Pollination and Farming: It’s All About Bees

Of the more than 20,000 species of bees globally, over 400 call New Jersey home. On Wednesday at the Sussex County Fairgrounds, The Nature Conservancy hosted a variety of presentations on “Farms, Forests and Rivers: Sustaining Our Way of Life. One panel of speakers focused solely on the beneficial effects pollinators, such as bees, have on agriculture production and how to combat the overall decline in bee population. "They’re basically flying dust bombs," said Dan Cariveau, a postdoctoral research associate at Rutgers University’s Department of Ecology, Evolution and Natural Resources.

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The Oceans Are on the Verge of Mass Extinction. Here’s How to Avoid It.

We land-based creatures live in the midst of a massive extinction crisis, just the sixth one over the past half billion years. What about the oceans?… Now, as tricky as it will be to cut back on overfishing by convincing fish farmers to mend their ways and consumers to change their habits, the even bigger challenge will be to stop trashing the place all of these critters call home. Habitat degradation, according to the Science authors, is the main trigger for the extinction wave we’re now seeing on land, and is probably the biggest threat to cause a similar catastrophe at sea. "If you cranked up the aquarium heater and dumped some acid in the water, your fish would not be very happy," Malin L. Pinsky, a marine biologist at Rutgers University and an author of the report, told The Times’ Zimmer.

Read the entire article at www.billmoyers.com »

Winter Snow Cover Must Be Weighed Against Springtime Lack, Scientists Say

News outlets pegged it as the "historic" blizzard of 2015. Snow was supposed to reach unprecedented levels. Flights were canceled, driving bans enforced. New York Mayor Bill de Blasio warned his city to "prepare for the worst."… The data on snow cover, which have been produced since late 1966, come from the Rutgers University Global Snow Lab, which works with the National Ice Center in Boulder, a joint collaboration with the Navy, the Coast Guard and NOAA to produce the snow maps. The maps are produced mostly with satellite images, in addition to some measurements gathered on the ground by observers, or by checking Web cameras to see where snow is, said David A. Robinson, state climatologist for New Jersey and director of the Rutgers lab.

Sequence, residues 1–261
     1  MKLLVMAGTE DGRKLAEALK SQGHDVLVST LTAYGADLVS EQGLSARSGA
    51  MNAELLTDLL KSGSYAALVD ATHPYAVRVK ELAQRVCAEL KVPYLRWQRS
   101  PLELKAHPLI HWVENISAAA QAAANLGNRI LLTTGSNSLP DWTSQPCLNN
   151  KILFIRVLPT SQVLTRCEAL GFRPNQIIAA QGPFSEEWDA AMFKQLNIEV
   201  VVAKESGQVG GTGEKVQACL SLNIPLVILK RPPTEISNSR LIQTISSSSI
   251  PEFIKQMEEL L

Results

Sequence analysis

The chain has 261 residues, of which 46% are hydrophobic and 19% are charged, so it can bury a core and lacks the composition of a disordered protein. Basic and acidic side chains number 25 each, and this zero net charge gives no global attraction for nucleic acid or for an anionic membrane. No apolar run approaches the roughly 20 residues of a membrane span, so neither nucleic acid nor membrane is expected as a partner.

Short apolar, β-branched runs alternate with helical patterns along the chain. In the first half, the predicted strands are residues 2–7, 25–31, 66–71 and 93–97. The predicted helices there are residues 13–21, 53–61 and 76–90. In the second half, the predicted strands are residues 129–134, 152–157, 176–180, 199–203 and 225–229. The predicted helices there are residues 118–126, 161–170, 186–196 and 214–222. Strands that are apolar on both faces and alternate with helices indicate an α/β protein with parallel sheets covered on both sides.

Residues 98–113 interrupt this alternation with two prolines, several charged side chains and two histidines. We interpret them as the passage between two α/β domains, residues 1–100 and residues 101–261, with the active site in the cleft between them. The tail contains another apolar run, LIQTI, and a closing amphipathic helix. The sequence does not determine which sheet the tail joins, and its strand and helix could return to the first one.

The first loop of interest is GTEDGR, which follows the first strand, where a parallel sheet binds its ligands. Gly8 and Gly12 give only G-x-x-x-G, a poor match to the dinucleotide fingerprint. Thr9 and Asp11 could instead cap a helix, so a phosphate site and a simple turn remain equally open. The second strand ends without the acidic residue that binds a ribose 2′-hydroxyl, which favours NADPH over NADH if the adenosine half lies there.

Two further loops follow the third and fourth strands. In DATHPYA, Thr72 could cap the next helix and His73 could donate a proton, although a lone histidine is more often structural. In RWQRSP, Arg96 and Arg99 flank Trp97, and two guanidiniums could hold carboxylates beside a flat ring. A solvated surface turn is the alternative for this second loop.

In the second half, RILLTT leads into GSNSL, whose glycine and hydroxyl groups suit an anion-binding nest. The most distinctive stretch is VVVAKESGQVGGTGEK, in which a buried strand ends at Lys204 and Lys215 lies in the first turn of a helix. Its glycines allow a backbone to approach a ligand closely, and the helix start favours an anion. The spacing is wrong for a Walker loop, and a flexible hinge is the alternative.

Read the entire article at www.latimes.com »

New York Dodges Blizzard Bullet, But Weather Models Under Scrutiny

The record snow storm that was expected to pummel the Northeast on Tuesday failed to live up to its epic billing in the New York/New Jersey region- though it did hammer much of New England- putting the weather models used to predict the blizzard into question… "There were errors in the forecast and it was significant enough that it impacted the major metropolitan area in the country — therefore, there’s going to be a lot of scrutiny," Professor David Robinson, the New Jersey state climatologist at Rutgers University, told FoxNews.com. "This is an imperfect science that is being done better than ever, but, occasionally, things aren’t going to work as accurately as forecast."

Read the entire article at www.foxnews.com »

Rutgers’ New Nursery Specialist Wins Grant Award From Horticultural Research Institute

Raul Cabrera

Raul Cabrera

The New England Nursery Association (NENA), in cooperation with the Horticultural Research Institute (HRI), announced that Associate Extension Specialist in Nursery Production and Management Raul Cabrera is the first recipient of the association’s Industry Growth Fund grant award. After a review of 60+ grant applications, NENA selected Cabrera’s research project, “Use of Alternative Irrigation Water Sources for Urban Landscapes and Nursery Crops,” as its top recommendation for funding. Read more from New Jersey Nursery and Landscape Association.